Photosensing systems have been used extensively for detection, gaging, identification and characterization. They are used in high-speed defect detection and gaging, characterization, pattern recognition and identification. These systems are called on to perform with high reliability and performance in increasingly difficult circumstances.
Many noncontact optical sensing systems are integrated into real-time automated control systems. To improve the reliability of any automated sensing system, it becomes necessary to understand the signals generated, how decisions are made by the system, and what causes reliable or unreliable operation. How can the system be fooled? Manufacturers want the systems to detect only the features or targets of interest, but not other image details.
Unreliable systems look just like reliable systems. They have illumination and optics, sensors, CCD cameras and photodiodes, and electronics and computers. Illumination, both passive and active, and optics provide the basic optical signal within the system. The sensors collect this signal, the electronics convert the optical signals to electronic signals for the computer to analyze and make decisions. In addition to these basic features, vision systems sometimes have displays to guide human use, collect data for analysis to better understand the process and provide output signals to automatically control electromechanical switches.
The information and decisions provided by the system may not always be correct, leading to errors in decisions. A system in which the signal contains nondefect-related information and results in sensing errors can be termed an unreliable system. Unreliable system performance results when an optical signal contains degraded information from irrelevant variations in the target, background or optical system.
Reliable optical sensing system performance results when the optical sensing system responds only to the physical features it is intended to sense and ignores other features or changes.
In operation, unreliable inspection systems provide false defect detection-both positive and negative-inconsistent gaging results, incorrect sorting decisions or inconsistent characterizations. The systems appear to be working satisfactorily and efficiently but produce too many false positives or miss too many targets of interest. In short, they make an unacceptable number of mistakes for practical use.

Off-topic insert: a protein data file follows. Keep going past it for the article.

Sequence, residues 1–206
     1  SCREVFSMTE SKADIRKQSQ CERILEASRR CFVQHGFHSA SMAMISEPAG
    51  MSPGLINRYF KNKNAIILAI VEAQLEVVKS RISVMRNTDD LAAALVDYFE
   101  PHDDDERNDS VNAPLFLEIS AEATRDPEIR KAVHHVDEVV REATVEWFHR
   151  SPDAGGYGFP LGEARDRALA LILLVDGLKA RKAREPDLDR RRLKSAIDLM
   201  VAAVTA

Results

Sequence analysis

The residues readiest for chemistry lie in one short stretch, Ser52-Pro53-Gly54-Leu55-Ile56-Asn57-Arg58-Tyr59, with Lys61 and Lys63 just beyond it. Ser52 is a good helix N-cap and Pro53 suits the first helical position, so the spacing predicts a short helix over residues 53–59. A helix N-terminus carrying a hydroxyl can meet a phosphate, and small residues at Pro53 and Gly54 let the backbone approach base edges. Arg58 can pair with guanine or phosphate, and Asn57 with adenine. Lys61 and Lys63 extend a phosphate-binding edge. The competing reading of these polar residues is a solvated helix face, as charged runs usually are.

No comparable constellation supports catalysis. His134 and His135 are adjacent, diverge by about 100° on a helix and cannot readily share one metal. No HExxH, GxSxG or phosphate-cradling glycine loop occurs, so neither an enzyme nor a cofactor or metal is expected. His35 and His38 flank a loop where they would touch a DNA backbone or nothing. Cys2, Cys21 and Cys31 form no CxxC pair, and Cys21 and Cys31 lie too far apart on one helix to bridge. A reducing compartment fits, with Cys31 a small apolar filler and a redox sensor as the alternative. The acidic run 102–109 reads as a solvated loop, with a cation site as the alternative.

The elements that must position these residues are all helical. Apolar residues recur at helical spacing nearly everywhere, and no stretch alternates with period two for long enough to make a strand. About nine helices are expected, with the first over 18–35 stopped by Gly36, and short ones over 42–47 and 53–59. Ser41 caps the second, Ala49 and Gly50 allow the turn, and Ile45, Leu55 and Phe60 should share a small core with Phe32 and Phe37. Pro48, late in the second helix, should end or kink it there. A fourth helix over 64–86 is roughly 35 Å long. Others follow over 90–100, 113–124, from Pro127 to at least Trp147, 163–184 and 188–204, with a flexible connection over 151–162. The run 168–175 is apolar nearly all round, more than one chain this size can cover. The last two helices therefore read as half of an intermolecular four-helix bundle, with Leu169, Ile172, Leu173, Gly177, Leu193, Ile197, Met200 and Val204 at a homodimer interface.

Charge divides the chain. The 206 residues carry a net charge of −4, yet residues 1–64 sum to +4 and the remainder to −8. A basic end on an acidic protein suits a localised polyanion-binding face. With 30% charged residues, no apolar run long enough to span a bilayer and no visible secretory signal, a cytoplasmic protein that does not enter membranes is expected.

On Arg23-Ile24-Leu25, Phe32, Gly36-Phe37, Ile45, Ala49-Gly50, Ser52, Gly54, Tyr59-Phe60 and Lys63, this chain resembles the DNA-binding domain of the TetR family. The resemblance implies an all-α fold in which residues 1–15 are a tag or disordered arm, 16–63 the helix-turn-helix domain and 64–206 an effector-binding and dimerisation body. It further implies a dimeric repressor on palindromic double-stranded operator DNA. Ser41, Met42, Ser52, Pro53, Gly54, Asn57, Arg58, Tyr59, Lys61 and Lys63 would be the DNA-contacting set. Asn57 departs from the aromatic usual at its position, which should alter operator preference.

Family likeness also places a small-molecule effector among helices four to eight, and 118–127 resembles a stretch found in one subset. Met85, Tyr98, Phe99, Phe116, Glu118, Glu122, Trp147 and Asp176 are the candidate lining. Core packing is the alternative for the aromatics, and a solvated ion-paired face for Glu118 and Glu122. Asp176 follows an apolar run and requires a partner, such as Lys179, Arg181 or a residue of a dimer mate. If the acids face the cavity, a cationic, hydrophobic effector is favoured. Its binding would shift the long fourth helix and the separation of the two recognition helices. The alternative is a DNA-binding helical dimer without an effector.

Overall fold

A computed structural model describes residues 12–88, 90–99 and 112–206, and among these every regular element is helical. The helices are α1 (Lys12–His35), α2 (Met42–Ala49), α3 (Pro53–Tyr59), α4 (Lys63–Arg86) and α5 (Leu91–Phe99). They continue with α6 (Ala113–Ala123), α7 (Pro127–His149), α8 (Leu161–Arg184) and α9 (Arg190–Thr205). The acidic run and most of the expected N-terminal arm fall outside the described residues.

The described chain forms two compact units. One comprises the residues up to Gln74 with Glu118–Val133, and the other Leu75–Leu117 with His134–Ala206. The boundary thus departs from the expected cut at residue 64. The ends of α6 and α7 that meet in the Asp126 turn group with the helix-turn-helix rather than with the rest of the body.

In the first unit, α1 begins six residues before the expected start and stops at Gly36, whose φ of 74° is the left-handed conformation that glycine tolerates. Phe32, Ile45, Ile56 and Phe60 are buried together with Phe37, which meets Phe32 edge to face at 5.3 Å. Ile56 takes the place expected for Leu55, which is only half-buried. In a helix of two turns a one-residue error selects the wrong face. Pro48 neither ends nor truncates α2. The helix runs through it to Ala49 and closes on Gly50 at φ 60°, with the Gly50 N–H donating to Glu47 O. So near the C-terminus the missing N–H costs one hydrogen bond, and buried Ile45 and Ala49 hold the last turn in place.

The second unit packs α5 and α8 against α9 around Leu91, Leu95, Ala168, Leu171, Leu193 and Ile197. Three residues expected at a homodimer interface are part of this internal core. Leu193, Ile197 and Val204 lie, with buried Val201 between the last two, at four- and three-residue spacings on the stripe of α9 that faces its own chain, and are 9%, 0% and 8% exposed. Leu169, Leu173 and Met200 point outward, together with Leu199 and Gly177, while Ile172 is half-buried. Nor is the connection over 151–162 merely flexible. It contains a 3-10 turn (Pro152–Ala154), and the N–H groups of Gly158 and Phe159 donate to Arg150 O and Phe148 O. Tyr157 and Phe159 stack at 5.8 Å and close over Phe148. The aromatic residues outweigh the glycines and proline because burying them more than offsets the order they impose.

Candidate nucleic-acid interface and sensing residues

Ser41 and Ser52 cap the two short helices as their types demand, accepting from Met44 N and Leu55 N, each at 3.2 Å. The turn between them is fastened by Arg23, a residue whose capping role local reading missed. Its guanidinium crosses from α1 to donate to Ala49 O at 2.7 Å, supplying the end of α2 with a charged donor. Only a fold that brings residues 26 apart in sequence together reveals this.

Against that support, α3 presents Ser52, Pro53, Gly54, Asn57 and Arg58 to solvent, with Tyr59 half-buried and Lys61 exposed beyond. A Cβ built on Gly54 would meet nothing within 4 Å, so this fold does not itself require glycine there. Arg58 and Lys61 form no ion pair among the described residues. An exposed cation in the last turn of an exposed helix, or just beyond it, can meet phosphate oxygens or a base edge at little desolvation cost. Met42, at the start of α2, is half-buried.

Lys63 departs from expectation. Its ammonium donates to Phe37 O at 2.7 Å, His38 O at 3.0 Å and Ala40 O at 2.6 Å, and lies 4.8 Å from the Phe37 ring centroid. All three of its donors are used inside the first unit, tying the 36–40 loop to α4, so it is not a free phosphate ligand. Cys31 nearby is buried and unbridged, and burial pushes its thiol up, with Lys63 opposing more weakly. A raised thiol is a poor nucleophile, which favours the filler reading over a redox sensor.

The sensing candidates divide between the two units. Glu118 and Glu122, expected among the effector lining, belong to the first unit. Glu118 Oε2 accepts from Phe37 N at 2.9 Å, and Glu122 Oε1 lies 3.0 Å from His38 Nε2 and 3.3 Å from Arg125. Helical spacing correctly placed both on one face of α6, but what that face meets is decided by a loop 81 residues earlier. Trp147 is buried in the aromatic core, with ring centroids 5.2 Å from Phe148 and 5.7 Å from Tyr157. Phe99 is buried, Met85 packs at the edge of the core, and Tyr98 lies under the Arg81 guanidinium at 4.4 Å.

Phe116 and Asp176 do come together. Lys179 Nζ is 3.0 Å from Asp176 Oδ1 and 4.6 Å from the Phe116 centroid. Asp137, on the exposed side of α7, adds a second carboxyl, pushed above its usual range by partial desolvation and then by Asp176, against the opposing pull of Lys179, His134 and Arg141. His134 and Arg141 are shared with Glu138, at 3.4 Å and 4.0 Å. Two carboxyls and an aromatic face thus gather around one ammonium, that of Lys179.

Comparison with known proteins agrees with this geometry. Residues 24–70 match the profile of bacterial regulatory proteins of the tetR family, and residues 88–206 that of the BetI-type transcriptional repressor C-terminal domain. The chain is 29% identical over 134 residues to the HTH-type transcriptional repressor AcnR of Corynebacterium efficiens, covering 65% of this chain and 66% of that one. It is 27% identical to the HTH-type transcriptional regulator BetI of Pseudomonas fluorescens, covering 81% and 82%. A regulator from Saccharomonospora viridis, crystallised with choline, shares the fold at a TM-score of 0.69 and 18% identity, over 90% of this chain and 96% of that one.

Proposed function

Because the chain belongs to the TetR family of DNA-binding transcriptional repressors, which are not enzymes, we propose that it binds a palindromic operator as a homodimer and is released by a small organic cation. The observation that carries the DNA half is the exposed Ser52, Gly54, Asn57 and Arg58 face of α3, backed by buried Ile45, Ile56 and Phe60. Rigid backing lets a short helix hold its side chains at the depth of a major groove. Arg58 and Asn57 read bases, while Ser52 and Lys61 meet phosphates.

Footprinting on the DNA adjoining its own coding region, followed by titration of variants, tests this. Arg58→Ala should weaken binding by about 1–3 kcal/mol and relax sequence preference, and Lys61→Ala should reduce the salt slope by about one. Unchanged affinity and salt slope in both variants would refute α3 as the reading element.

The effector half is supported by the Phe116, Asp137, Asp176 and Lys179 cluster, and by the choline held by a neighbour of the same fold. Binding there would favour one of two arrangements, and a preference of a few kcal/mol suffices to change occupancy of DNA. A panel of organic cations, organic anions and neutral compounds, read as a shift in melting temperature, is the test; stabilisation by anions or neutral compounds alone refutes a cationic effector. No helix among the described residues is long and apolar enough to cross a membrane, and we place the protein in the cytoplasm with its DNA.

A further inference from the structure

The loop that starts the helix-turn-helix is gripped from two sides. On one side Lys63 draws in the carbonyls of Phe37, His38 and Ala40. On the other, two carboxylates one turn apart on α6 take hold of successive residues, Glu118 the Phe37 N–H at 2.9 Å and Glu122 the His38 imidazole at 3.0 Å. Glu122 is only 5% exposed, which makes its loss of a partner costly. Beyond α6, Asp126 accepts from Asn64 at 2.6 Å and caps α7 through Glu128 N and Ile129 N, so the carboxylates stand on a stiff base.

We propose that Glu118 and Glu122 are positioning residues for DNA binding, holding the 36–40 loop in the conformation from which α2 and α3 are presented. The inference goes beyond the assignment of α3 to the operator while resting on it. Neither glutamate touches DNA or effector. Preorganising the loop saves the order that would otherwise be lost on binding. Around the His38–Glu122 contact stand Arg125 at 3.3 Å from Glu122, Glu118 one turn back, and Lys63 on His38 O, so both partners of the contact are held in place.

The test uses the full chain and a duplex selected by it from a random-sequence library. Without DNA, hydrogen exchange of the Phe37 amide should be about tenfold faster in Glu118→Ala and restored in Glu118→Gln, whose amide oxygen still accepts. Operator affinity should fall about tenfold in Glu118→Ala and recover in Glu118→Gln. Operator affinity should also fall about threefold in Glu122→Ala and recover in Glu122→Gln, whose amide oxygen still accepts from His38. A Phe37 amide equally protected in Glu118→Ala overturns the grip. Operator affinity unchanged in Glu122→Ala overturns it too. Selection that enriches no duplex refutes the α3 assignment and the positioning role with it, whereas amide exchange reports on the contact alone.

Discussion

The most common causes of signal degradation are:
Acceptable changes in physical properties not of interest.
Complex optical images or fields.
In online product inspection systems, acceptable changes in physical properties often rise from product variations in color, shape and surface roughness. Theses variations do not affect the performance of the product but can affect optical sensing in the optical field and confuse the sensing system.
Complex optical fields or images are present in defect detection on integrated circuit production. This requires the identification of small, sub-micron defects within the image containing complex circuitry that covers thousands of microns. Verifying the integrity of complex mechanical assemblies provides other challenges.
In addition, background variations occur for many reasons, including changes in the sun's position through factory windows, moving crane lights and variations in light source intensity. The system performance also can be degraded by targets moving out of the optical depth-of-focus or optical field-of-view.
These same concerns apply to sensing systems in a large variety of detection situations with rapidly moving targets from detection of enemy vehicles and aircraft to detection of golf balls, baseballs and cancer cells.